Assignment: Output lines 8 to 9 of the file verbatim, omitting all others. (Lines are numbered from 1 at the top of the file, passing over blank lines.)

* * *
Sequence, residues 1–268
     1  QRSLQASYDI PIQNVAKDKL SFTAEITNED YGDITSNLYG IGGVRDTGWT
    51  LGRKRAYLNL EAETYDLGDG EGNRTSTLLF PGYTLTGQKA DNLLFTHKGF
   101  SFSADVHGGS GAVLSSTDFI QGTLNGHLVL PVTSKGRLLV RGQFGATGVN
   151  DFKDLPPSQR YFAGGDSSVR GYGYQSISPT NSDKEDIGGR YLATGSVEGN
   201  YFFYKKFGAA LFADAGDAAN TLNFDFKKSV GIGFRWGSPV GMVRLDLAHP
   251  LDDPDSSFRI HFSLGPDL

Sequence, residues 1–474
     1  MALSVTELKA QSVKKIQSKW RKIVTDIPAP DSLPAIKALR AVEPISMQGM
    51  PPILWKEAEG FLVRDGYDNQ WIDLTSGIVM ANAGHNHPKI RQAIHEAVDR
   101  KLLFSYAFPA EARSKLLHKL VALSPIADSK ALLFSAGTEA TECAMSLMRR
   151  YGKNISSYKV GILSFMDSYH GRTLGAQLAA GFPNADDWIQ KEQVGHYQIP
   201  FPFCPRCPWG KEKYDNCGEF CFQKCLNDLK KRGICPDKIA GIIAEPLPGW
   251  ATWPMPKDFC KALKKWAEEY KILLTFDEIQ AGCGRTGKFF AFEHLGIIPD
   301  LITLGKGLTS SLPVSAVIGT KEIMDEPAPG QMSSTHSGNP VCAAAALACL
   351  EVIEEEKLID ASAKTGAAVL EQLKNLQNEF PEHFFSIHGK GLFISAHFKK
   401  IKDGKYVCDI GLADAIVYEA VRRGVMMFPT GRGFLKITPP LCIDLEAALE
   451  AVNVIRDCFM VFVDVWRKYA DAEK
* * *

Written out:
Sequence, residues 1–474
     1  MALSVTELKA QSVKKIQSKW RKIVTDIPAP DSLPAIKALR AVEPISMQGM